Good stewardship of nature and the earth--those foundations upon which life depends--is our most pressing challenge, requiring a monumental and relentlessly single-minded unity of purpose. Yet in America, the cause of conservation suffers while the political Left and Right conduct an endless tug of war. The result is stalemate and inaction.
James Krueger shows how this state of affairs stems from a widespread--and unnecessary--confusion in thinking about conservation. He explores the movement's beginnings and its profound and enduring connection with such traditional pro-life and pro-family values of stability, self-discipline, morality, and community, which could again be called upon to undergird a robust conservationist ethic. At the same time, Krueger embarks on a provocative questioning of values dear to the liberal Left--having to do with gender, family, economics, and individual rights--to ask whether these are not, at their core, violently opposed to the very nature liberal-minded people claim to champion and protect.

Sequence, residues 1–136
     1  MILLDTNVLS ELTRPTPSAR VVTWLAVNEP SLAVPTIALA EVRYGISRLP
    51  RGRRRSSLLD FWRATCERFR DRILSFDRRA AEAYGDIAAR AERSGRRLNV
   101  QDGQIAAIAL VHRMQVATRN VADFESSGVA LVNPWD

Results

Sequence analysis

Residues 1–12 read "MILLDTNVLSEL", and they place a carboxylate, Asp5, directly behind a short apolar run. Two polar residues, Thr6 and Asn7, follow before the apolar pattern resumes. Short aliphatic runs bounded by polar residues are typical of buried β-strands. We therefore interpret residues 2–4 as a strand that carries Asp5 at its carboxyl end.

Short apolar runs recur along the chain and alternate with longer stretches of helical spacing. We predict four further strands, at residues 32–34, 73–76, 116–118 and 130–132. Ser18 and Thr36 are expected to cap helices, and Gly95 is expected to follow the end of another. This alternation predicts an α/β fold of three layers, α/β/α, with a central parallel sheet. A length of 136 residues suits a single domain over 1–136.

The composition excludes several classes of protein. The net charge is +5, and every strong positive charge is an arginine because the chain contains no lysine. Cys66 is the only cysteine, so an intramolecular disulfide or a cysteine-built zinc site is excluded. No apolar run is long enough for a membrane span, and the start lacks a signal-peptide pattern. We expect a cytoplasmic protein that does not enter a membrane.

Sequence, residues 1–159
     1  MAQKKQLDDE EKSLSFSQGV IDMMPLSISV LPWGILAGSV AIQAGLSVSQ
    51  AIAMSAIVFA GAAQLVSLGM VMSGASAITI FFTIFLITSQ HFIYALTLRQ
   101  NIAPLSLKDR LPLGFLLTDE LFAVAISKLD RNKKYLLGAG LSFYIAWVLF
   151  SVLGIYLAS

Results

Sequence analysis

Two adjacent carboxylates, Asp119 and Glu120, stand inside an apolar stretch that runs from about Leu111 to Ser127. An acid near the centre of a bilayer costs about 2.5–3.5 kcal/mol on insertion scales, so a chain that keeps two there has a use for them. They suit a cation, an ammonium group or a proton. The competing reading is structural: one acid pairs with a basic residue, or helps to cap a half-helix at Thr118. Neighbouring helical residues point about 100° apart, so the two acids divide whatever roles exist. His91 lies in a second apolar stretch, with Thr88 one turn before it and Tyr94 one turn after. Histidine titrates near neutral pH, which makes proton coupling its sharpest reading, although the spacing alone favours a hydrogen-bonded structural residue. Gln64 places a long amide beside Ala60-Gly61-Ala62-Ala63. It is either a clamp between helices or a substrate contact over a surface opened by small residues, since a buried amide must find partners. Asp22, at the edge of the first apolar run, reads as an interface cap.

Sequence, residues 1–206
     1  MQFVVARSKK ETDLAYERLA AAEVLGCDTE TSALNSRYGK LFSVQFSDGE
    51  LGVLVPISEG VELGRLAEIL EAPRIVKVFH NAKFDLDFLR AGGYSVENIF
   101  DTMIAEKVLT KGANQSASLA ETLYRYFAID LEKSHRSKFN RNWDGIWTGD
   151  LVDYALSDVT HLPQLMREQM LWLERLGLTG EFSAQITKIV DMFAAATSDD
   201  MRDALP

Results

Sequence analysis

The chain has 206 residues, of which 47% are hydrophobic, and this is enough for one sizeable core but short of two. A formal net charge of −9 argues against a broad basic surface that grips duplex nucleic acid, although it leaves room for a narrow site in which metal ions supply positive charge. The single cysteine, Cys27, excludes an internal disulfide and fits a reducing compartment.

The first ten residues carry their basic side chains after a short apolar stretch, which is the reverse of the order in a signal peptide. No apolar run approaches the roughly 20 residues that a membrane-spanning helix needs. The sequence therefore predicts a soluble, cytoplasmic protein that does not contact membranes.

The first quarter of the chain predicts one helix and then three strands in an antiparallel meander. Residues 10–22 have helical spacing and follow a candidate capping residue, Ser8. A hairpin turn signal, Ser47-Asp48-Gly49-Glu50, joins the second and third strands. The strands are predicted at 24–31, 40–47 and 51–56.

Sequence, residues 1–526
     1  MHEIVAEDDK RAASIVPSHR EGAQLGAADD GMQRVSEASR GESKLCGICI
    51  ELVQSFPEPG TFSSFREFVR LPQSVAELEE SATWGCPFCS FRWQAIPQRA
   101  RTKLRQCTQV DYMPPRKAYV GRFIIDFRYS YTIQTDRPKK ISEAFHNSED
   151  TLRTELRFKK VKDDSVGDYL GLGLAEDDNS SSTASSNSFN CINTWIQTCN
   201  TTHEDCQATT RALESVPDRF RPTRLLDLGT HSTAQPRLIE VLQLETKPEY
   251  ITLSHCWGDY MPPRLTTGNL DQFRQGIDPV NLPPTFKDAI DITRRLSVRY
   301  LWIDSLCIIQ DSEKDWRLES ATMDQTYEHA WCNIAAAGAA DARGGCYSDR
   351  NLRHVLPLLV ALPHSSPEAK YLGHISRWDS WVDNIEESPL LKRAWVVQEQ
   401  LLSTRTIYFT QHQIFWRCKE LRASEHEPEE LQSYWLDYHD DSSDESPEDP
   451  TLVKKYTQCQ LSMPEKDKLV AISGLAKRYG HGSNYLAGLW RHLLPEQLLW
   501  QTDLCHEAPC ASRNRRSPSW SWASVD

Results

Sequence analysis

The Disfiguration of Nature invites us to disconnect from our destructive illusions about both nature and ourselves in favor of a humble yet constructive--and eventually powerful--understanding, the kind that can create a desperately needed common ground in service of our shared American landscape and the promise of sound human culture upon it.